Figure 2. 

    Phylogenetic tree of Echinococcus based on mitochondrial cytochrome c oxidase subunit I (COI) genes.

    • Overall, this study investigated the presence of E. granulosus DNA in environments surrounding both where husbandry is practiced and where there is a high rate of echinococcosis cases. This study thus evidences that residents’ hands, dog hair, and topsoil from Daqian Town in Xizang (Tibet) Autonomous Region have been contaminated with this parasite and that local residents may have been infected by their surrounding environment. Notably, the nucleic acid positivity rate of eluent samples from residents’ hands was 8.97% (7/78), indicating that the E. granulosus DNA easily adheres to people’s hands, which is an important transmission route of infection for local residents. The results of nucleotide sequence comparison showed fragments were from E. granulosus, which is consistent with the local prevalence (6). Against this background, understanding the presence of E. granulosus DNA in surrounding settings can help local communities control the transmission risk of echinococcosis more effectively. This study suggests that residents are at risk of catching echinococcosis through hand-oral transmission routes. Health education given to local residents is thus a key intervention with the central message being “wash hands frequently and don’t play with wild dogs.

      Previous studies have shown that Echinococcus eggs may preserve their infectivity for a long time, which could have contributed to the distribution of infectious eggs present in the environment surrounding Daqian Town. The eggs of E. granulosus can be completely inactivated at −80 ℃ for at least 7 days. They can survive for more than 200 days at 7 ℃ and 50 days at 21 ℃ (7). General information regarding the distribution of eggs in the environment is fragmentary. Specifically, very few studies address the contamination of environmental matrices (3,8-10). In Poland, DNA from E. multilocularis eggs was detected in soil collected from forests, arable fields, kitchen gardens and farmyards (9). Similarly, environmental fruit, vegetable, and mushroom samples have also contained the presence of E. multilocularis eggs (10). In this study, samples were tested from dogs’ feces, dog hair, and soil, which were collected in a highly endemic region of Echinococcus in Sichuan Province; the results showed that the positive rates of hair samples from dogs and soil samples were 13.1% (8/61) and 7.7% (3/39) (3). These results show that canine feces will indeed cause contamination to the surrounding environment, and surveillance of DNA from Echinococcus eggs in the environment is necessary. However, there is insufficient information about the occurrence of DNA from Echinococcus eggs on residents’ hands as a result of contact with their environment. As well as providing an indication of hand-oral as a transmission route, this study is the first environmental survey of the presence of E. granulosus DNA from residents’ hands in China. The evolutionary history was inferred using the Maximum Likelihood method and General Time Reversible model. Evolutionary analysis by Maximum Likelihood method in this study showed that the haplotype may be closer to the G1 type of E. granulosus (Figure 2).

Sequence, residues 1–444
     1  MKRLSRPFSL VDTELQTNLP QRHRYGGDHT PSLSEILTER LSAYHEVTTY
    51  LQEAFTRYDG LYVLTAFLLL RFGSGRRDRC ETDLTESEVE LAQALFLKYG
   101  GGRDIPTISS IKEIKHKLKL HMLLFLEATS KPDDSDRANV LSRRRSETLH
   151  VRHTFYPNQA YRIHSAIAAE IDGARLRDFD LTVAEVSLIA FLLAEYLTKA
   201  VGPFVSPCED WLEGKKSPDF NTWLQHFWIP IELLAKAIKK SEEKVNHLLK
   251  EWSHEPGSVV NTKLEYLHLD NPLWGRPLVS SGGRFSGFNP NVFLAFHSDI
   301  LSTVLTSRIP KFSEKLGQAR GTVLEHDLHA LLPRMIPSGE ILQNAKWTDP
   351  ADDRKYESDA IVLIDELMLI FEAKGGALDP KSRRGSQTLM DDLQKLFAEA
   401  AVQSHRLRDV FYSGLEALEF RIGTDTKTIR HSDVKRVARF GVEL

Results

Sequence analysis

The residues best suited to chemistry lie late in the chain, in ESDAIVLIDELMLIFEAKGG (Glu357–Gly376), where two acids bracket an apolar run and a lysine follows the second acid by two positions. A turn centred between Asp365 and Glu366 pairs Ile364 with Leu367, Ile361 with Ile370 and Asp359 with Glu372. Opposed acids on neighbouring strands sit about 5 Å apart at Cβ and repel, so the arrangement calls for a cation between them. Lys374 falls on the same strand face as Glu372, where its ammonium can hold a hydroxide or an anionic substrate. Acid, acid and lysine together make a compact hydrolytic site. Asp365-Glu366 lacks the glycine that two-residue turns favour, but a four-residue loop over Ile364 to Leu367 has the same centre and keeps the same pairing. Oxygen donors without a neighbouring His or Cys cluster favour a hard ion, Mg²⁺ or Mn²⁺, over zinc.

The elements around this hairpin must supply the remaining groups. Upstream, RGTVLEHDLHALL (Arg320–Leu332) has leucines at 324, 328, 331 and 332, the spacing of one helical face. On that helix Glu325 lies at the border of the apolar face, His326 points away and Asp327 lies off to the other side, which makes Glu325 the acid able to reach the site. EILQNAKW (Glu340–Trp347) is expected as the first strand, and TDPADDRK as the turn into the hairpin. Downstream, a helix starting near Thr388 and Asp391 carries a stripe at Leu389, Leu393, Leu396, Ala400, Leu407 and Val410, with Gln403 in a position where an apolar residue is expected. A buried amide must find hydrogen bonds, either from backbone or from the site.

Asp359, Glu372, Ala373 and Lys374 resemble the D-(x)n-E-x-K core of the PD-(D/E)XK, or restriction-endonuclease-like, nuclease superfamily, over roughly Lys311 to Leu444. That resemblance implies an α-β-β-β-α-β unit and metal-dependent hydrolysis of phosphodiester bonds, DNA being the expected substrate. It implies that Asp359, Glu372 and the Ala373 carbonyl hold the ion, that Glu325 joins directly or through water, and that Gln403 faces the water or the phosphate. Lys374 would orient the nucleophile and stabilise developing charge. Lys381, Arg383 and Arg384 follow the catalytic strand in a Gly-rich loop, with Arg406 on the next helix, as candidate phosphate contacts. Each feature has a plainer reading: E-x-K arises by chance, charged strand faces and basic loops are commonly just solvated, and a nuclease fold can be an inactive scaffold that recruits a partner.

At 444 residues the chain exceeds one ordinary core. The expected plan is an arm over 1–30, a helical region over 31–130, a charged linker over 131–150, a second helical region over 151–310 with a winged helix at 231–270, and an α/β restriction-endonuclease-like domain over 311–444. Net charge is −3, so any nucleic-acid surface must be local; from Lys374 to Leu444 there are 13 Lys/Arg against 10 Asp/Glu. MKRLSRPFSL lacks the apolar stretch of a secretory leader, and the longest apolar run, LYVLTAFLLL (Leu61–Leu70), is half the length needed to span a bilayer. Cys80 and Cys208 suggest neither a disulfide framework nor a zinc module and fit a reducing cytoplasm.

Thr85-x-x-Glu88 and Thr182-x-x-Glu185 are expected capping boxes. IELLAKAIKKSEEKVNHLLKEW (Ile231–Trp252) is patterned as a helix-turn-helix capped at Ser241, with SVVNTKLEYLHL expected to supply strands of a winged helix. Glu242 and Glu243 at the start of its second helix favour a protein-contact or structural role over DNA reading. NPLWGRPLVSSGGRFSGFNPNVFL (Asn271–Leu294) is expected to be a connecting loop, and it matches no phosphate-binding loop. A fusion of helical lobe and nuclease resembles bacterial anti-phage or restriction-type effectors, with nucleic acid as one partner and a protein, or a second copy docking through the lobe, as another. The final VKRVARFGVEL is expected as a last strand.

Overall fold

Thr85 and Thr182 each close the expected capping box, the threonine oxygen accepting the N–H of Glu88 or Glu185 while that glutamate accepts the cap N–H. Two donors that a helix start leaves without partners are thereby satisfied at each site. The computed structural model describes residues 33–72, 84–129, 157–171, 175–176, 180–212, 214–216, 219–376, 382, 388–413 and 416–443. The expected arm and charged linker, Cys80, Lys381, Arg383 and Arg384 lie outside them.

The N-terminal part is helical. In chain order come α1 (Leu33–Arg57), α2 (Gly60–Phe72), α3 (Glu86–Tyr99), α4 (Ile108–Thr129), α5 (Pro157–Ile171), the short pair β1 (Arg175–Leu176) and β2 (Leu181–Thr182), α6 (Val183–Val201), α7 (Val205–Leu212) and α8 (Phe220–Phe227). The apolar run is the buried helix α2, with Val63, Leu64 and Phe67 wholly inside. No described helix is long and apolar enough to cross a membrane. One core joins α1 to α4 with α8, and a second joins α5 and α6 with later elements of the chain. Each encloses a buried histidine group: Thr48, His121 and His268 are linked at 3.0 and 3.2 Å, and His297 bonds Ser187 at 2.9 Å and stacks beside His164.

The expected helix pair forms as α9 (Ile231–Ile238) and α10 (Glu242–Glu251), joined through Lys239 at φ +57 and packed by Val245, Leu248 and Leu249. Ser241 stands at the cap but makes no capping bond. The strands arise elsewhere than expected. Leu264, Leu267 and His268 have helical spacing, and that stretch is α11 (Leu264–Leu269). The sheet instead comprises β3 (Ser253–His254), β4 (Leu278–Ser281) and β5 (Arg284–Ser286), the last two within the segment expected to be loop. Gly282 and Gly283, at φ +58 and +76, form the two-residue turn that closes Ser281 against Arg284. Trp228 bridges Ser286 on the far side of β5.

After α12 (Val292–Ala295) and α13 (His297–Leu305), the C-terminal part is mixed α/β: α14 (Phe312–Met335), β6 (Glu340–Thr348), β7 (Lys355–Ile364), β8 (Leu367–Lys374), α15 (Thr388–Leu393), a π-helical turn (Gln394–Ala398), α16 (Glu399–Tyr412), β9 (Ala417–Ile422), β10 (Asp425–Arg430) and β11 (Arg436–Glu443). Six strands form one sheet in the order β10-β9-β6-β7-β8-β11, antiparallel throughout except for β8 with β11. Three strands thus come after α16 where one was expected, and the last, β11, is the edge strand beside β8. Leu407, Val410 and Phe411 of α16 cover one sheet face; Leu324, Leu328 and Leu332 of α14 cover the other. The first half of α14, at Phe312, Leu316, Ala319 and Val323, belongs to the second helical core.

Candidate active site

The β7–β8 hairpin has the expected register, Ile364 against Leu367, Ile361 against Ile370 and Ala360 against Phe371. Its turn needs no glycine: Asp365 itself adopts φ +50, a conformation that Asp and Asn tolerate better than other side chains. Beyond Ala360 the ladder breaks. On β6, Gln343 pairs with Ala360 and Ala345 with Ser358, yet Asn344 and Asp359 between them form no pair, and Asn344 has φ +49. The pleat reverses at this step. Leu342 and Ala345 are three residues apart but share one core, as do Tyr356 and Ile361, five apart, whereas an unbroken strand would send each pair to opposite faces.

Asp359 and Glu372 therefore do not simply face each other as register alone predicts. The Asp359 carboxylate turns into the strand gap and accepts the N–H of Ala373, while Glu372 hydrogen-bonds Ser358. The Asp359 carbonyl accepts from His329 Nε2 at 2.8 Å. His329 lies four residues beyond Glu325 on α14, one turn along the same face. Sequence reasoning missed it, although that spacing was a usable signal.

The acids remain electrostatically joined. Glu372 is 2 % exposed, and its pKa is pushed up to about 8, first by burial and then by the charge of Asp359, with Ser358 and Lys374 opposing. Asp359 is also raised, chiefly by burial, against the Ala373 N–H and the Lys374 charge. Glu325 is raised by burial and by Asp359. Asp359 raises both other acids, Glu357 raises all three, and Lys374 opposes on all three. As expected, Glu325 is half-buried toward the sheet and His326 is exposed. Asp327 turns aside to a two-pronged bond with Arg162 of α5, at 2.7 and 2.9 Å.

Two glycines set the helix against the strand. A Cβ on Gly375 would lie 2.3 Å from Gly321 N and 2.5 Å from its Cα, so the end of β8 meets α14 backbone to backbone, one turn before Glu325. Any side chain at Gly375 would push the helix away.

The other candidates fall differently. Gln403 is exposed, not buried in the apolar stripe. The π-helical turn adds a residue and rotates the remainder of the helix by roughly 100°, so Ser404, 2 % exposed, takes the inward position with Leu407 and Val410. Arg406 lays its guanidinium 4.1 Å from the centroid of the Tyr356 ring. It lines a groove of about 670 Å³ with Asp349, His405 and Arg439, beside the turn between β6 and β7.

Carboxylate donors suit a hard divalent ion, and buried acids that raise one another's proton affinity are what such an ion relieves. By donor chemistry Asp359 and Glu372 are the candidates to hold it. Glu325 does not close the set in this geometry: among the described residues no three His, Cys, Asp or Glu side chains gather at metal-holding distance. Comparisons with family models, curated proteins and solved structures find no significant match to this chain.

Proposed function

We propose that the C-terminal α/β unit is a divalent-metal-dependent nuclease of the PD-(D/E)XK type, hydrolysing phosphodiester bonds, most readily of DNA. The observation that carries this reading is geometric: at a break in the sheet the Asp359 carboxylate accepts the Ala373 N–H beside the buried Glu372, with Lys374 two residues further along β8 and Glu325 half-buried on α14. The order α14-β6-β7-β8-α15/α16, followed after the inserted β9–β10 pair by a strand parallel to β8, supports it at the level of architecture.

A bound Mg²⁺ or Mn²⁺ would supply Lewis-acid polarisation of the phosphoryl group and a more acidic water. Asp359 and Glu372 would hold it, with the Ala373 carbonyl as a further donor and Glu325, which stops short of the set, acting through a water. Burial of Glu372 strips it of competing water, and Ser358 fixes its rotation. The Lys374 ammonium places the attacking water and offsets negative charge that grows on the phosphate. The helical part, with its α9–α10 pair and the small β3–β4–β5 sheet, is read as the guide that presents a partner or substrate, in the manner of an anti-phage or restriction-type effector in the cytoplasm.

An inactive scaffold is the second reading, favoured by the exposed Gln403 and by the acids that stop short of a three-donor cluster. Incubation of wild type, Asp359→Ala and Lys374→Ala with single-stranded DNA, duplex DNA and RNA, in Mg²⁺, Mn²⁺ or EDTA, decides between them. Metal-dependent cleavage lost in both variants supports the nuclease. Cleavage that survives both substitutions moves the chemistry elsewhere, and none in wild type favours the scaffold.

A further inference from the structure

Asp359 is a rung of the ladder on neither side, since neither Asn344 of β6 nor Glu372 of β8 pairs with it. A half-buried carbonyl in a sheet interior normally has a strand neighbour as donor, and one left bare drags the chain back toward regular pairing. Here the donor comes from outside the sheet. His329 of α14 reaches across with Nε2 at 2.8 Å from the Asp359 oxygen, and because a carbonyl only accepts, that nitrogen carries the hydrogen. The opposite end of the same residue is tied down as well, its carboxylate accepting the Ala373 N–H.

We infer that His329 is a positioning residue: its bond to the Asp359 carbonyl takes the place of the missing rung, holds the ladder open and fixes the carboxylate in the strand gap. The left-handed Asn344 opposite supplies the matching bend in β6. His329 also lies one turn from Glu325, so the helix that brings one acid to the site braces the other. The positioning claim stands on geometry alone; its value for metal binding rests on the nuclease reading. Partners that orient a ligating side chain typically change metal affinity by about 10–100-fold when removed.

However, this study was subject to some limitations. First, due to the large workload of sample collection, the number and variety of samples in this study are small. Our results suggest that more investigations should be performed in the future in order to obtain a clear picture. Second, the study focused on heavy endemic areas and did not involve other areas. We will enlarge the range of sample collection and do further investigations from this aspect in the future.

      In conclusion, the results from this study provide scientific reference for the development of echinococcosis prevention and control strategies. As well as providing an indication of some environmental transmission routes of E. granulosus eggs, such a survey is of use in further health education efforts. These results should motivate professional prevention and treatment efforts against echinococcosis, help introduce informative and educational campaigns about the risk of infection, as well as aid in the development of methods for protecting the population — especially those living in at-risk areas.

    • We thank participants of the survey.

    • No conflicts of interest.